Einstein_slideEarlier I wrote a piece entitled "The need for connection & engagement in education" -- but I should have used the word school in place of education. Education is not the problem. For where there is education — and the best education is usually self-education — there is necessarily participation and engagement with the material, and our curiosity thrives. The problem for a lot of us — teacher and student — is school, especially large institutional schools. Our methods of instruction — or perhaps it is just the system itself — do a poor job of nurturing students' natural curiosity. This is nothing new. Einstein said many years ago that "it is in fact nothing short of a miracle that the modern methods of instruction have not yet entirely strangled the holy curiosity of inquiry....” In this short video clip below Dr. Michio Kaku says that we are born scientists. Children go through much of their childhood driven by a natural and insatiable curiosity about life, but somewhere along the line we all but extinguish that flame of curiosity. Dr. Kaku says that school often results in "crushing curiosity right out of the next generation." Watch the clip below (or on YouTube).

Dr. Michio Kaku: "We [all] are born scientists."

Rewarding curiosity vs. rewarding certainty
We are obsessed with giving prizes to students who memorize the most facts and bits of information (and in the shortest amount of time). Why don't we give prizes for the students who demonstrate their unabashed curiosity and demonstrable pursuit of discovery? A driving child-like curiosity and sense of wonder is an undeniable sign of intelligence. The curious can eventually overcome their ignorance, but the chronically incurious—and yet self-assured—are stuck with their ignorance for a lifetime.

Coercion_slide I don't know all the components of a good teacher (or a good presenter), but certainly a necessary element of good teaching is curiosity. That is, demonstrating our own curiosity and inspiring and cultivating the natural curiosity in others. The ineffective teachers are the ones who have lost their curiosity and sense of wonder for their subject or even for their job. You can't fake curiosity and wonder. The best teachers are the ones who show their own desire to learn more about their subject and who are not afraid to show mistakes or admit that they don't know it all. The best teachers guide, coach, inspire, and feed that natural flame of curiosity that lives within every child. The courage to teach, then, is the courage to expose yourself as you demonstrate your curiosity and wonder for your subject. This kind of passion is infectious (and memorable).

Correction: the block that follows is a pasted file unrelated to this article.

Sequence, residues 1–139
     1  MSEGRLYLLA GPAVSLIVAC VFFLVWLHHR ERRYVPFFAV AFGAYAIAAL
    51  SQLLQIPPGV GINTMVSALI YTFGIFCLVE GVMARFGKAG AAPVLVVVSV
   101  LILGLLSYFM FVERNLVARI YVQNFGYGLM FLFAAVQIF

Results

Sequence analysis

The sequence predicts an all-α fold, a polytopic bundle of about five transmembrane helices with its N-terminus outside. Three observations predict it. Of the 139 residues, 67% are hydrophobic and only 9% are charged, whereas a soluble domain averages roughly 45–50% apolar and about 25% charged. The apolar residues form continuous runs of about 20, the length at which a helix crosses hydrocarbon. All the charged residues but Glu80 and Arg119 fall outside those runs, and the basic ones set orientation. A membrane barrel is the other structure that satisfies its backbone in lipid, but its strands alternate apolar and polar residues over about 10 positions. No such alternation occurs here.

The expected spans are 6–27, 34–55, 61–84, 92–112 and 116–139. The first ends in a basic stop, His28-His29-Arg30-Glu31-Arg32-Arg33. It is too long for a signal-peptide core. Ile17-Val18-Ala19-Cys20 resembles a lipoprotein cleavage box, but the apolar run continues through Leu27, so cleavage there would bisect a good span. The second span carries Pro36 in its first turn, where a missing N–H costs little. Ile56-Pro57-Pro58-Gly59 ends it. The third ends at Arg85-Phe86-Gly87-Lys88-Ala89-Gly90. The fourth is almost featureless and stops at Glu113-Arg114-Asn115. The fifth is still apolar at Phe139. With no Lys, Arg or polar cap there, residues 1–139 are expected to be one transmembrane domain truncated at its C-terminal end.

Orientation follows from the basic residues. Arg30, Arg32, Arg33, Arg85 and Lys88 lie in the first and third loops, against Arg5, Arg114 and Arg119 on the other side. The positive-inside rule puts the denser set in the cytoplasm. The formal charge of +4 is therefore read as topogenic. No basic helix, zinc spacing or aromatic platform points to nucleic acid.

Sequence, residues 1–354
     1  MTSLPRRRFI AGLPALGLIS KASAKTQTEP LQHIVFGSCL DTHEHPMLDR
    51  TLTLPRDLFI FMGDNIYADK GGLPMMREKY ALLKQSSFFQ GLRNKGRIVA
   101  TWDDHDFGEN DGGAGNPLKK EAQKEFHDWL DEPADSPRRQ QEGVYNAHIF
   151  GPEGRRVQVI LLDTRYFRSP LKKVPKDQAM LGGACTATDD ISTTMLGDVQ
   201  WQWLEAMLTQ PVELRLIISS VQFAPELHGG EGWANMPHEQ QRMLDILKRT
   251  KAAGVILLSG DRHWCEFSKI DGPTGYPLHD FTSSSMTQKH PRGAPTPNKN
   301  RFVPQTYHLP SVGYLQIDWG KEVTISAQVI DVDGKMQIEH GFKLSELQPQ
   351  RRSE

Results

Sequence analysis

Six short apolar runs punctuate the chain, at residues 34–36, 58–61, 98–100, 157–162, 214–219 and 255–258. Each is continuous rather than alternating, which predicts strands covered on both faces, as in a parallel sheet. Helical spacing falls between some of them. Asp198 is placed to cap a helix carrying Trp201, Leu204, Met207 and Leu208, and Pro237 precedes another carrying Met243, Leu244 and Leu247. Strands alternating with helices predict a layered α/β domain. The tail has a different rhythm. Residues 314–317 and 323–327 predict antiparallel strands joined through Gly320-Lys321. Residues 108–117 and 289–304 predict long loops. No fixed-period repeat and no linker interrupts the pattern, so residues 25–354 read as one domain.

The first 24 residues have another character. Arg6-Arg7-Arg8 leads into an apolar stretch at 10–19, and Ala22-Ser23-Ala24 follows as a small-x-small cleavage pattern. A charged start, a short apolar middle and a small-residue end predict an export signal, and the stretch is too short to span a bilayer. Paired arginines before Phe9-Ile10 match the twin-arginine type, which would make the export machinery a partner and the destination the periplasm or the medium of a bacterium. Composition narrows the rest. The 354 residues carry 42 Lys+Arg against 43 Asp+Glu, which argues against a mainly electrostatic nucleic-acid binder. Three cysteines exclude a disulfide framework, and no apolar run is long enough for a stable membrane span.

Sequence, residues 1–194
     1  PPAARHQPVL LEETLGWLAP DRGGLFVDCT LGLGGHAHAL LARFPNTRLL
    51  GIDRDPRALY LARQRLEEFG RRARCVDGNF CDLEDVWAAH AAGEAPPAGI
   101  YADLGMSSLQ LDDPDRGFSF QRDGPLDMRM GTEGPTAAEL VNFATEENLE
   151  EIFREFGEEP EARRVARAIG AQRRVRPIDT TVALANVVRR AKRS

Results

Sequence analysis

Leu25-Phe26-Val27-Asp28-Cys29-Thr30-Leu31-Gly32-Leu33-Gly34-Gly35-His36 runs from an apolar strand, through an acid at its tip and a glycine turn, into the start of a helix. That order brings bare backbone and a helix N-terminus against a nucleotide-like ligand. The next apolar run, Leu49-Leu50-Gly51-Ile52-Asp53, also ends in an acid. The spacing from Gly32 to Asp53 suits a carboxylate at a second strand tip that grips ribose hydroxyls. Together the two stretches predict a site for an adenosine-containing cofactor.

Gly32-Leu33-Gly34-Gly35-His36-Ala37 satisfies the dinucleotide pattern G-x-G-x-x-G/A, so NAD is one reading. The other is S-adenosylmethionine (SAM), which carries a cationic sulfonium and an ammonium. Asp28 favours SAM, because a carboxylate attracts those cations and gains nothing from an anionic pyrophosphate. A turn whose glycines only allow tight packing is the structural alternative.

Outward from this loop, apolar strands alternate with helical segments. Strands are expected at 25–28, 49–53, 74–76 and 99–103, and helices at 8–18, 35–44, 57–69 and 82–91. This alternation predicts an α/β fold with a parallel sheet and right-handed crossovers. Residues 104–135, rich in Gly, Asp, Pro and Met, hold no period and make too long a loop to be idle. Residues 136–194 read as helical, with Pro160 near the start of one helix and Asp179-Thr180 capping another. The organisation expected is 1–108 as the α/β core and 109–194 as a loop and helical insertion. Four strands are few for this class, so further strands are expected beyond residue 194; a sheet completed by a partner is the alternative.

Curiosity has its own rewards
If I were hiring employees I would look for the insanely curious and hungry applicants not necessarily the ones who ticked off all the correct boxes and jumped through all the right hoops in school. I would look for the highly educated and talented but not necessarily the highly schooled. School for a student is ephemeral and short, but learning, self-education, and inquiry last a life time so long as a student's unabashed curiosity remains alive. The best teachers (or trainers, coaches, etc.) are those who light the sparks and inspire students to pursue a lifetime of exploration and discovery. "School" says the rewards are cash, status, and security. But wouldn't it be great if our lessons instilled the notion in students something which they already knew when younger but may have forgotten: "Curiosity has its own reason for existing," as Einstein said. Curiosity has its own rewards.



Michio Kaku refers to Richard Feynman at the end of the video clip above. This video here features Richard Feynman talking about his father's influence.

Note: Click on slides for a larger size.

Before success comes the courage to fail

Bambooi2 The natural world around us provides many lessons. Late last year I discussed how the humble bamboo plant has a lot to teach us about succeeding in this world. I love bamboo for many reasons, and as I said here before (and included in the Naked book in a callout section), bamboo itself offers us lessons in flexibility, strength, perseverance, simplicity, and openness. Today, while jogging up past some small farms in the mountains near our home in Nara, I passed through a familiar bamboo forest. But today something was different. I noticed one of the bamboo trees had given way and snapped during a strong wind we had recently. This caused me to take notice and slow down. We notice what is different, and if we slow down long enough a lesson may be revealed; this is a kind of "listening with the eyes." It seems that in a strong and unyielding wind, even the bend-but-don't-break adaptability of the humble bamboo will be tested to the point of failure. A subtle reminder from nature that even the strong and the courageous and the flexible fail sometimes. An old Japanese proverb says "Even monkeys fall from trees." (Saru mo ki kara ochiru — 猿も木から落ちる.) Somehow knowing this allows us to push past fear and to participate more fully as we embrace or own imperfections, even as we work to improve.

For years I lived in the center of a massive city in Japan, and there were lessons there. Now I live here, and the lessons are still to be found. Today I ran up the mountain and past many farm houses with rice fields in their winter state. Our house is in the distant hills across the valley below.